If there is very little blue light coming from the light source, then there is very little blue light for the sample to reflect. The only thing worse would be to match two colors in complete darkness. You may find that the chances of a good color match are about the same!

Similar problems occur with various other light sources. The ability for a light source to render color well is rated on the Color Rendering Index, or CRI. A CRI of 100 is perfect, a CRI of 20 is very bad for evaluating color. Industry specifies a CRI of 90 or better for color evaluation applications. For color matching, another, more-stringent system is used to rate light sources.

If a light source has such a bias toward one color or another, why do we see white light? To live in a world of changing colors, the human visual system has adapted itself over thousands of years. We can see a piece of fruit in the yellowish light of early morning sun or at mid day when the quality of light is bluer, and still see a red apple. Even though colors shift under these different light sources, we can still see objects we need to see. But until recently, in an evolutionary sense, we have not had to actually match colors. And between then and now, we have become far more critical of color. Not only do we want the color to match between two painted parts, but also between fabrics, plastics, paint, etc. and under all light sources. And therein lies our biggest problem - it is called metamerism.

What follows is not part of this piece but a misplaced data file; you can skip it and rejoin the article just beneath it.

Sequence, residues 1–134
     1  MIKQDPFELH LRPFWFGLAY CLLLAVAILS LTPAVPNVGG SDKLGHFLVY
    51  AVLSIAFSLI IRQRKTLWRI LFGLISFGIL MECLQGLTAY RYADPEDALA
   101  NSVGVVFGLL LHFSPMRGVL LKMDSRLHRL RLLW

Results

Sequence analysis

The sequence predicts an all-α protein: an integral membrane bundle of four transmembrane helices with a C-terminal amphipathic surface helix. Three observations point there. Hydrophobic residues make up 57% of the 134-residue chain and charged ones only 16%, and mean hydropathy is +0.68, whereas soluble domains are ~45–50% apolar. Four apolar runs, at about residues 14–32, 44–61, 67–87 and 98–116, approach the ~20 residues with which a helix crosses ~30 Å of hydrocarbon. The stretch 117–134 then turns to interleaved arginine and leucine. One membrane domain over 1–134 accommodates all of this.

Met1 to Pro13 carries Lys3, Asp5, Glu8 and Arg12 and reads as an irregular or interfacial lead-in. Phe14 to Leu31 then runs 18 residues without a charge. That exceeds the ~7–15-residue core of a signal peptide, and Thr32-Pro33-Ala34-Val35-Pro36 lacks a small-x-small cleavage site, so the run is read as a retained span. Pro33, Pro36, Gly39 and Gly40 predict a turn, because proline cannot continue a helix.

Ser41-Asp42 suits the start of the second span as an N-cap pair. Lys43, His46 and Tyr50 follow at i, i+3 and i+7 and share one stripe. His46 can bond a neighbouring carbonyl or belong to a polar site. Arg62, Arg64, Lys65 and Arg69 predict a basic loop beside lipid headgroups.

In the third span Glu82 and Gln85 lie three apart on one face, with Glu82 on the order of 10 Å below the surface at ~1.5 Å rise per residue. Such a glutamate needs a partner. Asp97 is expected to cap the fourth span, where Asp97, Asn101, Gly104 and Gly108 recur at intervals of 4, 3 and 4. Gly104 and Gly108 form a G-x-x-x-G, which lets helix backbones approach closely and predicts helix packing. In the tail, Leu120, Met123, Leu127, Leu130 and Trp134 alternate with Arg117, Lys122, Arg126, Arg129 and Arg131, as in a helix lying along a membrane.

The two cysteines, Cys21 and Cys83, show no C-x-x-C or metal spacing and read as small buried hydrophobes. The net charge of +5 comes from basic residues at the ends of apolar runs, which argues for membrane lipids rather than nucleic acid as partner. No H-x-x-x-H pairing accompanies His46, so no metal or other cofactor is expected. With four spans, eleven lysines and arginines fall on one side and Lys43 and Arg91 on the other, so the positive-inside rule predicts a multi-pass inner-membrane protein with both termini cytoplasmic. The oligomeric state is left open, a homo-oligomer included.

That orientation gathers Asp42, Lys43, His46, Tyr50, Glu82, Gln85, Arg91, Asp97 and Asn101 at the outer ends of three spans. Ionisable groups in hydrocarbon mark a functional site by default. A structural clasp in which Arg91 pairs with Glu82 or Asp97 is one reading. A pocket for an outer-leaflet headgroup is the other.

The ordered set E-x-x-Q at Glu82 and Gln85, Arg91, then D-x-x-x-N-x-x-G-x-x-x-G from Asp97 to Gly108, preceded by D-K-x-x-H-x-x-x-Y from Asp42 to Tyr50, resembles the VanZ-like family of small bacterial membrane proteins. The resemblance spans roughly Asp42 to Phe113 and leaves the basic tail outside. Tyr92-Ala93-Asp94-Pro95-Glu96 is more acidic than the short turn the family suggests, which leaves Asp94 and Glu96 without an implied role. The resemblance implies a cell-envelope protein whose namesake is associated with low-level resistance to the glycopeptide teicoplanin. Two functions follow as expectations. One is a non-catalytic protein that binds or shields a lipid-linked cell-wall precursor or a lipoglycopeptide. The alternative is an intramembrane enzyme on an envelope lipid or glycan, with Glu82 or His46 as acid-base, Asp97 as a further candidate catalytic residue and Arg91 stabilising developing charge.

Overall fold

Metamerism is very well known in the world of color. Two samples, say one plastic, the other painted, may match in color under a specific light source, such as daylight for instance. But when another light source is used, incandescent for instance, the samples no longer match. The effect can be insignificant, or it can be dramatic. One thing is for certain, if the samples are of two different types, or the color is achieved using different dyes or pigments, there will be metamerism to some degree.